Having had not a single good review - nor a single empty seat - in Chicago, San Francisco and Los Angeles, Liza Minnelli arrived in "The Act" Saturday night at the Majestic Theater for the most clangorous opening of the year.
Crowds blocked 44th Street, cops rerouted traffic and gawking at glittery ticket-holders delayed the 8:30 curtain 20 minutes. Nobody minded. People almost toppled off balcony and boxes to stare at Elizabeth Taylor, Sammy Davis Jr., Ethel Mermen and Martha Graham down front, a quartet rarely glimpsed in a single glance.
Originally known as "In Person," its book by George Furth and score by Marvin Hamlisch, the play had gone through the customary hemming and hawing of producers and actors. Who would risk how much on what stars? Rising costs delayed decisions. Such actresses as Shirley MacLaine, Ann-Margret, Mary Tyler Moore, Debbie Reynolds and Doris Day were mentioned.
Enormously popular with a cult, Minnelli has been big in the clubs but no great draw as a movie star. But with her night club turns by John Kander and Fred Ebb, who wrote "Cabaret," her sole socko film, Minnelli had material everyone envied. With them as composer and lyricist to replace the Hamlisch score, she opened the work in Chicago on July 4 as "Shine It On," now the show's opening number.
Changes, rumors, and advice from "play doctors" filled the gossip columns. ("You ever have trouble with a show? Double that and you're not even close to what we've been through," said one person involved with it from the start.)
Martin Scorsese ("New York, New York") was the original, Minnelli-appointed director, though stage work was new to him. His name remains on the program. But the informally admitted director for the past four weeks has been Gower Champion. (At a cast party in Central Park's Tavern on the Green in the wee hours of yesterday, hero Champion, now beardless, was nowhere to be seen. And when Minnelli entered her own party, it was with producer-husband Jack Haley Jr., whose father had been with Liza's mother in "The Wizard of Oz." At the end of Minnelli's covey of eight trailed a minute Scorsese.)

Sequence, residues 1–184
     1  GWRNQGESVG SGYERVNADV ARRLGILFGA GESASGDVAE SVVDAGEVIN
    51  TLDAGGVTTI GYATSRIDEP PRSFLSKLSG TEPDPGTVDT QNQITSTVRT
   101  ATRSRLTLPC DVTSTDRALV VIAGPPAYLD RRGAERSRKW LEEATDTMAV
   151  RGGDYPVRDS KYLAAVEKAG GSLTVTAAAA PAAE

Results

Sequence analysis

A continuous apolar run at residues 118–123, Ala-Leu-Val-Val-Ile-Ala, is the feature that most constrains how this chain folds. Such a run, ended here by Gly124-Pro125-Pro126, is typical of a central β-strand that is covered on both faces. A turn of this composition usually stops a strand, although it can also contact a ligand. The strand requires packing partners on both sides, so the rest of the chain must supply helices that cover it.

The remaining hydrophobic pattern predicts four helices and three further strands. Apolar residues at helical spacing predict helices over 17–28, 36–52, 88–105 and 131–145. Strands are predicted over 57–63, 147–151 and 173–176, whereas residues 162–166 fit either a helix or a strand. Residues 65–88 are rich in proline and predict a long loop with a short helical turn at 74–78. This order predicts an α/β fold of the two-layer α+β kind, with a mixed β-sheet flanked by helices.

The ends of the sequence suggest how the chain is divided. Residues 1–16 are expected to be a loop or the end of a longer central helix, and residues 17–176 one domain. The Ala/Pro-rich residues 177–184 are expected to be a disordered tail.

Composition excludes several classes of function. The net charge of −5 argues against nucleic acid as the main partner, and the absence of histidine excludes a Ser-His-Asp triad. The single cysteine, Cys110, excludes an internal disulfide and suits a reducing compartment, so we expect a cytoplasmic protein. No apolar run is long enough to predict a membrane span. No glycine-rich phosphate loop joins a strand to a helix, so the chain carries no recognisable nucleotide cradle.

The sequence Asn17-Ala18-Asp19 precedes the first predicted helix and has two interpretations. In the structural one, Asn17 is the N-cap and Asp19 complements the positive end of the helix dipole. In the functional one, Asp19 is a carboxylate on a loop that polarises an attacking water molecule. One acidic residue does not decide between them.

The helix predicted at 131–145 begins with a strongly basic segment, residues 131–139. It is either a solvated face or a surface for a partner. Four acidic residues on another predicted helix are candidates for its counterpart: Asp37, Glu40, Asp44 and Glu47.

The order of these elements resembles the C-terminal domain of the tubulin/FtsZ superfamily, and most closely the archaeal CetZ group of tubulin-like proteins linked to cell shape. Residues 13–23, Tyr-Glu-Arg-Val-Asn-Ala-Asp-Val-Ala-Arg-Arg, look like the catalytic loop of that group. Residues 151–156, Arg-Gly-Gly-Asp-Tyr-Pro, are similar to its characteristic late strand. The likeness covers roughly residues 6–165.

Among other pre-New York problems, flashbacks in the plot had confused some audiences and the critical reports had been scathing. A miracle was needed and it seems to have happened.
"The Act" is Liza Minnelli. Rarely has a vehicle been so tailr-made for a star. Well over a million dollars has gone into. "The Act," the price scale is the highest ever - from $9.50 up top back on Wednesday matinees to $25 down fron on Saturday nights - and the big Majestic will be able to gross a whopping $238,135 weekly.
"The Act" is a swell show which does exactly what it sets out to do, show off the striking, vital talents of Liza, unveil some grand songs from Kander and Ebb and reveal, through seven immensely individual dancers, some dazzling choreography by Ron Lewis, a Las Vegas favorite in his musical theater bow. I could see "The Act" again just for this small but dashing chorus line.
The setting is a Las Vegas hotel where a second-rate movie star is making her night club bow. After mistaking her missing shoe for a microphone. Michelle Craig goes into her specialty numbers while remembering career and marital incidents which led to her present uncertain status. Her older director-husband, a footless lover and a gay composer flow in and out of her past and present. By the end of her act, Mike Craig will have her audience and life in control.
The story by Furth, who wrote "Company" and "Twigs," is hardly new but the trappings are. Using the act for the action allows for a grand variety of Kander-Ebb songs. "Turning," with the dancers whirling on poles; "Arthur in the Afternoon," a comic song about extra-marital sex; "City Lights," not unlike "Annie's" "Easy Street" swing; "Hollywood, California" ("He was the stunt man in 'Deep Throat'"): "Hot Enough for You" and "There When I Need Him," a Garland-type ballad, lead up to a self-examining finale. "My Own Space."